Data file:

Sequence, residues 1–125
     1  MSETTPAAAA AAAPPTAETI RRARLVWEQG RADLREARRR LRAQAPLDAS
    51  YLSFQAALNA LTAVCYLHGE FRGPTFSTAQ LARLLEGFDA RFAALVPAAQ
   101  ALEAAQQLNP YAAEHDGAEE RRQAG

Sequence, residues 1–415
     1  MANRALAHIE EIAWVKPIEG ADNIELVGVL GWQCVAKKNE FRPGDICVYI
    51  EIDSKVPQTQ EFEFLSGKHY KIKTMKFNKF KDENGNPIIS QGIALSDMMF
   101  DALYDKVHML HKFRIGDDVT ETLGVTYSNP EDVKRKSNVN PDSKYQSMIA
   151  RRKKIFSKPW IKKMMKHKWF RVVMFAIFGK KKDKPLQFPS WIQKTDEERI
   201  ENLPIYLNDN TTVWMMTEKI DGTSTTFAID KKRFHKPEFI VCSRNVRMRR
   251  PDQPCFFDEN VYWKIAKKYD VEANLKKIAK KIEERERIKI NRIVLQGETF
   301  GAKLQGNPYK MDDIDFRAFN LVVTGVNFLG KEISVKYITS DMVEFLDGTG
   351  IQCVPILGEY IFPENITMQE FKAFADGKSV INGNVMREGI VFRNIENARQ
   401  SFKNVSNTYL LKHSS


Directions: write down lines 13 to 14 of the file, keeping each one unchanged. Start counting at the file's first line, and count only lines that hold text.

   351  IQCVPILGEY IFPENITMQE FKAFADGKSV INGNVMREGI VFRNIENARQ
   401  SFKNVSNTYL LKHSS